A Dundee teacher was not unfairly dismissed for her lengthy absences at a poorly performing school.
The city council decided that Joyce Cuthbert could not be kept in her post as support for learning teacher at St Andrew’s RC Primary School, where she had 175 days off over six years.
An employment tribunal in the city heard matters came to a head after Avril Barnett, the primary education manager, was sent into the school as acting head.
She arrived in June 2012 after a poor report by Her Majesty’s Inspectorate of Education which identified various issues including the needs of children requiring learning support.
The school in St Leonard Place was judged weak in four different categories by the inspectorate including meeting learning needs.
The HMI report sparked complaints from parents but the acting head led a recovery and the most recent inspection has seen an improvement.
Mrs Cuthbert suffered from chronic depression which qualified under legislation as a disability. It was a condition that flared up and left her unable to do normal daily activities.
She was absent for more than 100 days through depression and a further 75 days for other reasons between 2008 and 2013. In November 2012 she agreed to cover another class without her raising the possibility that it may cause her stress.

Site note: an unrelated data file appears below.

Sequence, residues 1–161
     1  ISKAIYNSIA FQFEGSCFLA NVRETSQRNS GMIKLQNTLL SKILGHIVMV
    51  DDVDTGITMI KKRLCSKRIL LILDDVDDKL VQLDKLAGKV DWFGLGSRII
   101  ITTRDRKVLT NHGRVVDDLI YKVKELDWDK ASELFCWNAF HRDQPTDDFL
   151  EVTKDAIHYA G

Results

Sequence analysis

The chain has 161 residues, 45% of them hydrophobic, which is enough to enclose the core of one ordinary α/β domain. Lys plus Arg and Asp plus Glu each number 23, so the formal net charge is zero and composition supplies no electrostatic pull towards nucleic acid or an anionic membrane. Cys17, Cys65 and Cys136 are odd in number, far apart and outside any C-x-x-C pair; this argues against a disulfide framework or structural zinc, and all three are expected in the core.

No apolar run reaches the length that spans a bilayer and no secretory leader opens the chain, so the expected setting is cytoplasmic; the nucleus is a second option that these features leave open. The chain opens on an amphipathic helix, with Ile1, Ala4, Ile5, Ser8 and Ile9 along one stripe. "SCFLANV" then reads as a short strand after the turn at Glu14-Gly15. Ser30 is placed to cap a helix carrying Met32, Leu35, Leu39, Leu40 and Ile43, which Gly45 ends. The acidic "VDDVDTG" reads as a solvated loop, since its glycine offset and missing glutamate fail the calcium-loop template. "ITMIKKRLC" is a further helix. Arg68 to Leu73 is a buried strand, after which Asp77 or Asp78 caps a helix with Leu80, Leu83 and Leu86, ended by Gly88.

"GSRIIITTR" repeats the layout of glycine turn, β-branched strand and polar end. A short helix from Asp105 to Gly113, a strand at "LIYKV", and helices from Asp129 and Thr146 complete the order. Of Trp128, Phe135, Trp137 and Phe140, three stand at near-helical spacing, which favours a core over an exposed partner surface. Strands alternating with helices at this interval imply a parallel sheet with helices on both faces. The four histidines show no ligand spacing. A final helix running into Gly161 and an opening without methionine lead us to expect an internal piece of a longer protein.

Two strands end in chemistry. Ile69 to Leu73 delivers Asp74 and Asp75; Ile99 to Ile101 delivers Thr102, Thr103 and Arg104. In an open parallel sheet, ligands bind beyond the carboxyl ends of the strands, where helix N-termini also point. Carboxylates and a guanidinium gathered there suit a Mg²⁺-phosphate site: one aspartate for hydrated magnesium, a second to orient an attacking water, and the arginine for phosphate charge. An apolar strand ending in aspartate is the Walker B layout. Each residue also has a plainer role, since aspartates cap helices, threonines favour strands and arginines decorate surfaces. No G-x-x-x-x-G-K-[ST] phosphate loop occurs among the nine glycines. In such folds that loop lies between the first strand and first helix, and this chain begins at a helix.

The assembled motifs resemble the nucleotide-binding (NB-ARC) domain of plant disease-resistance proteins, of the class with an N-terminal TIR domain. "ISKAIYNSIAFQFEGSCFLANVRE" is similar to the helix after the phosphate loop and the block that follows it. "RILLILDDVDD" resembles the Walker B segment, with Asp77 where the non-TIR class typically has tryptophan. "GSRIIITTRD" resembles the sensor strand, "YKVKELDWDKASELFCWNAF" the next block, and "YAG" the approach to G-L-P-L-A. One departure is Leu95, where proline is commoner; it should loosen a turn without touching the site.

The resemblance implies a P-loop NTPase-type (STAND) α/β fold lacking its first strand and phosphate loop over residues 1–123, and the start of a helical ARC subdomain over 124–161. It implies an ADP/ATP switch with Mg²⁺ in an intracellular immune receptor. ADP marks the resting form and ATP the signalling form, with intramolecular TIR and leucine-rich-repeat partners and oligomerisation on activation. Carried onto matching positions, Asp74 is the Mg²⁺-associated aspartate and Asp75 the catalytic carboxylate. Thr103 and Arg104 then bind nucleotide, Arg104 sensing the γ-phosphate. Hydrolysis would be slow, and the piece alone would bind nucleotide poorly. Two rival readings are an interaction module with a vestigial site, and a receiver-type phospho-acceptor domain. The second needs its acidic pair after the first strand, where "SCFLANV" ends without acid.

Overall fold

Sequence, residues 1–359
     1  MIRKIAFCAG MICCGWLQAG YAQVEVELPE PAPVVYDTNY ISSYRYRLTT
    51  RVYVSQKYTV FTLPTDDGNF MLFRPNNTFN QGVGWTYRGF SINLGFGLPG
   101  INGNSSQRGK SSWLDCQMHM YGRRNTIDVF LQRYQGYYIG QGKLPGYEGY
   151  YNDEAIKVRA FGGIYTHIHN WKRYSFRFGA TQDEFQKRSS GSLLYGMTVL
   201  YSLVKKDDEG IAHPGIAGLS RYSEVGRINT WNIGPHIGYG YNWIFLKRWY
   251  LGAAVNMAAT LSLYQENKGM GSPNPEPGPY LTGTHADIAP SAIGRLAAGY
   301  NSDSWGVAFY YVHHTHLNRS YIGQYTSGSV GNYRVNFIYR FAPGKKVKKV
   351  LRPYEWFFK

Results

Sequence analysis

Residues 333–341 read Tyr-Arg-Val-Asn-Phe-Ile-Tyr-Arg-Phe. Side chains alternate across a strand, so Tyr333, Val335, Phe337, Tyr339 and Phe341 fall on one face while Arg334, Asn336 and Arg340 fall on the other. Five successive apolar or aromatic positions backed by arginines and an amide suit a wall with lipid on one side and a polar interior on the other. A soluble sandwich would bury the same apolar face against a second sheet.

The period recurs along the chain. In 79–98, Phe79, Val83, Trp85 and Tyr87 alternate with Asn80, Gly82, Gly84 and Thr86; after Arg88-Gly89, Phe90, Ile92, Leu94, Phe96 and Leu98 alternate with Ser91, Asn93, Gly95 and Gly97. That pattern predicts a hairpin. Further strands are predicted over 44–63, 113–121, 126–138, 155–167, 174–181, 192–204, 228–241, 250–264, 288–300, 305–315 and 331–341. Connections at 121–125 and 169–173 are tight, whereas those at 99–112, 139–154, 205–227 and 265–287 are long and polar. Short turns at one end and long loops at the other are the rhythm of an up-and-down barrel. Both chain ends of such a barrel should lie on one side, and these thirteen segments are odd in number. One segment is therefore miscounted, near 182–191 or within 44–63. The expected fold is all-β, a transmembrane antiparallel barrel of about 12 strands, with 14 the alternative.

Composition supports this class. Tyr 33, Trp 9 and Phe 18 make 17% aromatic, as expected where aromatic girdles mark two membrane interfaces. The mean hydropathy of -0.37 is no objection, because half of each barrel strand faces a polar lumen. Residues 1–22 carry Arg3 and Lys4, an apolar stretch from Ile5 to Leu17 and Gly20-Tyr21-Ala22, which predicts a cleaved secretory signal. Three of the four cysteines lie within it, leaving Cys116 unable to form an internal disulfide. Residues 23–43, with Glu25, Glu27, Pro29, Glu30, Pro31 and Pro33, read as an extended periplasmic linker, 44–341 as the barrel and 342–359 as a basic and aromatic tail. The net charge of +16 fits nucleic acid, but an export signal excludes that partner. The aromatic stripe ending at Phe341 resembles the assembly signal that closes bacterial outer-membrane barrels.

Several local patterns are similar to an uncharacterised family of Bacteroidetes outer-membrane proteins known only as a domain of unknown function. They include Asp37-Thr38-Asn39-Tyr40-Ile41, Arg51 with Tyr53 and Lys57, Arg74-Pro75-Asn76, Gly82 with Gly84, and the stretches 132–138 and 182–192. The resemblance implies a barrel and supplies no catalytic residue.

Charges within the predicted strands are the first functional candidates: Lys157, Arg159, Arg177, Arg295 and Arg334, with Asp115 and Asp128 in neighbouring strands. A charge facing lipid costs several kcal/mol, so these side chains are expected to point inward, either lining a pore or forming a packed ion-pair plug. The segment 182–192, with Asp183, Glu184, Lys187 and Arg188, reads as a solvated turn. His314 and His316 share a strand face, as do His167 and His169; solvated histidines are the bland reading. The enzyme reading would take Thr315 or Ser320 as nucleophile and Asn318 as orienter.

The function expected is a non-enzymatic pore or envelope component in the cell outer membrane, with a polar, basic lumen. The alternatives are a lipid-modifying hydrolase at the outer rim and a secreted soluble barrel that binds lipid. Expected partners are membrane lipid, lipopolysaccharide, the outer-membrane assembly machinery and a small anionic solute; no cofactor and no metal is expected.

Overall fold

She went off ill, however, and her absence put her through the barrier for referral to the head of department. She tried to return in February 2013 but admitted this was ill-advised and she was referred to occupational health.
Her absence due to depression continued and the situation escalated until she was dismissed.
The letter that broke the news said her absences had a significant impact on service delivery and capacity at St Andrew’s, which had had a challenging year.
The workload of other teachers had increased and the learning of pupils had been disrupted. The council thought it had done all it could to support Mrs Cuthbert but her position was not getting any better.
Mrs Cuthbert claimed she was discriminated against on grounds of her disability but the tribunal disagreed. She had been dismissed on grounds of capability as she could not sustain an acceptable level of absences.
There was no evidence she was disadvantaged any more than an employee without chronic depression in similar circumstances.
Continuity of teaching was of great importance and teacher absence was not conducive to the education process, the tribunal ruled.
The council followed its managing absence procedure and Mrs Cuthbert’s absence far exceeded trigger points. Tribunal judge JD Young said dismissal was not unfair.